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And the winner of Tuesday’s runoff is ... Gov. Greg Abbott

Sunday, June 9, 2024

Texas Gov. Greg Abbott wasn’t on the ballot for Tuesday’s primary runoff election, yet he was the overwhelming winner.

Abbott has been relentless in his support for school vouchers. He has spent millions of campaign dollars to support pro-voucher candidates, traveling across the state during the primary and runoff elections in an effort to oust nearly two dozen Republican House members who opposed his voucher plan last year.

That effort paid off. In Tuesday’s primary, Abbott- backed challengers won four of six races, and the governor declared, “The Texas Legislature now has enough votes to pass school choice.”

We don’t support vouchers, but we don’t disagree with Abbott’s assessment. Whatever Texans think about vouchers, which supporters describe with the euphemism “education savings accounts,” it’s unlikely Democrats can flip enough seats in the general election to change the political calculation. This speaks to the power of gerrymandering, which often makes the primary election decisive.

Vouchers are often couched in the rhetoric of “choice” and “freedom,” but “giveaway” would be a better word. We see no reason why tax dollars should be given to families, often wealthy, to help cover tuition costs at private schools, often religious.

Beyond this, to the degree students leave public schools for private schools, vouchers threaten to further erode school funding, already inadequate and unconscionable for a state as wealthy as Texas.

Time will reveal the implications of Tuesday’s primary results, but it’s clear Abbott is a resounding political force whose influence, be it on vouchers or immigration, extends far beyond Texas’ borders.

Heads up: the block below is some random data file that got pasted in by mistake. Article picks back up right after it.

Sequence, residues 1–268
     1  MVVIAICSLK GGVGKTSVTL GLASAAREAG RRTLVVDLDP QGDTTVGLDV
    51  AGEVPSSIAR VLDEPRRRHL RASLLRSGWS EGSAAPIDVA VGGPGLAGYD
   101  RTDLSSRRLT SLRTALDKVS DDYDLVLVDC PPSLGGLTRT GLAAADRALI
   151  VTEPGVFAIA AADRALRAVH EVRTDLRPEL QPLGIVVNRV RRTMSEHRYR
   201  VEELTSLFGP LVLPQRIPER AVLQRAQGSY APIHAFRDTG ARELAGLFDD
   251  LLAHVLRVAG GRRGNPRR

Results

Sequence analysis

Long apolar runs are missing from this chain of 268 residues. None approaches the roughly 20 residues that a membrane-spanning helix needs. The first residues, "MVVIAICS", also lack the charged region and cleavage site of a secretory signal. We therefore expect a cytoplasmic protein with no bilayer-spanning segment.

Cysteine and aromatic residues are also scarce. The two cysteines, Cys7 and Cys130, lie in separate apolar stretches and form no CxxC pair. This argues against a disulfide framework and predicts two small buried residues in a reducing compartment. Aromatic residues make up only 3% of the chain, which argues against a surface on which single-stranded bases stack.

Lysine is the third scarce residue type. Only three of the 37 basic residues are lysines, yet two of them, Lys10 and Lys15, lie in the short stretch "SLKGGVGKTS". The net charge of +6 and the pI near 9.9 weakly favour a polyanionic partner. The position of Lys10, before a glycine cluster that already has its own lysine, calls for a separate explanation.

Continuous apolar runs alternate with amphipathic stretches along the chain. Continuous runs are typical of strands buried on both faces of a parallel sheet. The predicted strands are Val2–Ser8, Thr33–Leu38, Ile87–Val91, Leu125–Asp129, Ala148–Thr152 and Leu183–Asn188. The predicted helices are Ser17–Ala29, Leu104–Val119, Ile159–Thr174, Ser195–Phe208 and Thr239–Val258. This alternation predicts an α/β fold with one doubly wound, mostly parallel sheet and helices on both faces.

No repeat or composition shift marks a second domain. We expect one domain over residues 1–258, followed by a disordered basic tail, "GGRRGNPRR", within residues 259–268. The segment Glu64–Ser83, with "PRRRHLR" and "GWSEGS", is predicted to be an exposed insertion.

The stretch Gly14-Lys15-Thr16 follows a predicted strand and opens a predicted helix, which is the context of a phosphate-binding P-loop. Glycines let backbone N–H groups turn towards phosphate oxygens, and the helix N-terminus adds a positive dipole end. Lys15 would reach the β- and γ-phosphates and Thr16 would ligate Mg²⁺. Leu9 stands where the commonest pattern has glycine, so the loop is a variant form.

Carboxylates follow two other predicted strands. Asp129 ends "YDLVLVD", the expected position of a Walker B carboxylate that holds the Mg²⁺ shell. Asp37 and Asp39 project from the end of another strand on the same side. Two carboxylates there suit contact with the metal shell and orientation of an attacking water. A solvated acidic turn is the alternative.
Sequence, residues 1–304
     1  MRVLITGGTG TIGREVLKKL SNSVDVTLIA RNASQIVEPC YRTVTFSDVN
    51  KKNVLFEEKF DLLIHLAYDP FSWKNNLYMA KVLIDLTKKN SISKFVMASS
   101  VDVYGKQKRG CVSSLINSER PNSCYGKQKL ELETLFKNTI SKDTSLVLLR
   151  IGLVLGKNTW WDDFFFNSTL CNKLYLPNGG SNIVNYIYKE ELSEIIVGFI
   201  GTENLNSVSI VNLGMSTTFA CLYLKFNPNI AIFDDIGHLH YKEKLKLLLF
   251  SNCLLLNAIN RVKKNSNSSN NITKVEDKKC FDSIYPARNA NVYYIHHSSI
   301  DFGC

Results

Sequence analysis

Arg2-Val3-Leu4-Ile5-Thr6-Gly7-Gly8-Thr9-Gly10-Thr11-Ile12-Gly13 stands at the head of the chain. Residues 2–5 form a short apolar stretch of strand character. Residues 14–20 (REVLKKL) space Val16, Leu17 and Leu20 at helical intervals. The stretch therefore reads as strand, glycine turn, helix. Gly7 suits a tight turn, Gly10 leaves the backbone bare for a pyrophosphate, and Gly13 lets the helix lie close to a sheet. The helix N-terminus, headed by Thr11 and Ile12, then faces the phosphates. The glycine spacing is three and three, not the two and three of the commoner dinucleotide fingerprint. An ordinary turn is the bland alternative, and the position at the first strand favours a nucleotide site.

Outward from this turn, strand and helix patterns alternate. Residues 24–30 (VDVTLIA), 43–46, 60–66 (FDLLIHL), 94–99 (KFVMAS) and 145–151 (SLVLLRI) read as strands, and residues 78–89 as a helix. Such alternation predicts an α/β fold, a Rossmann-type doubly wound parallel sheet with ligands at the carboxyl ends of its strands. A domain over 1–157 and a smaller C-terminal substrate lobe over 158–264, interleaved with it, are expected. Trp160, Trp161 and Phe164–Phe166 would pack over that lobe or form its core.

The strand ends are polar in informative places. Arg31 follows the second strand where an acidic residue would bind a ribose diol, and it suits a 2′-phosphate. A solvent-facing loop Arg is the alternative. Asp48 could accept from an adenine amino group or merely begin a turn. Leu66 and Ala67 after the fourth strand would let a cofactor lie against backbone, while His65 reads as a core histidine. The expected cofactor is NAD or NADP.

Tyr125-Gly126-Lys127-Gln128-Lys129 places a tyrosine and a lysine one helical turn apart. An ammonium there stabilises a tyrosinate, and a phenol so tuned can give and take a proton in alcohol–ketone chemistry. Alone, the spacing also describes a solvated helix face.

While vouchers are a priority for far-right lawmakers, Tuesday was not an all-out win for this dominant branch of the Republican Party. House Speaker Dade Phelan won a bruising runoff election against Orange County Republican Party Chairman David Covey, who had the backing of former President Donald Trump, Lt. Gov. Dan Patrick and Attorney General Ken Paxton.

Phelan oversaw the House’s impeachment of Paxton on corruption and bribery charges a year ago. He has proved a moderate force in Austin, which arguably makes him defiant.

At the federal level, U.S. Rep. Tony Gonzales, R-San Antonio, also navigated an intense primary against YouTube star Brandon Herrera, “the AK Guy.” This was for the better. Gonzales has been an effective lawmaker who has represented this sprawling border district well.

Gonzales is pretty darn conservative. Nevertheless, he has shown the kind of independence that has served his constituents in Congressional District 23 well but rankled the state GOP. The state party censured him last year for voting to codify gay marriage and supporting the Bipartisan Safer Communities Act, modest reforms in the aftermath of the Uvalde massacre.

Could you imagine someone who goes by the “AK Guy” representing Uvalde, where 19 children and two teachers were massacred in the nation’s second-deadliest school shooting? It is untenable.

Nevertheless, it is a sad reflection of these times that Gonzales, a U.S. Navy veteran, was even in a runoff with Herrera.

And we now know just whom indicted U.S. Rep. Henry Cuellar will be facing in the general election. U.S. Navy veteran Jay Furman won the Republican primary for Congressional District 28, which stretches from San Antonio to Laredo. Furman likely faces long odds (again, we see the power of gerrymandering), but Cuellar’s indictment shortens the odds a bit.

San Marcos Record

(512) 392-2458
P.O. Box 1109, San Marcos, TX 78666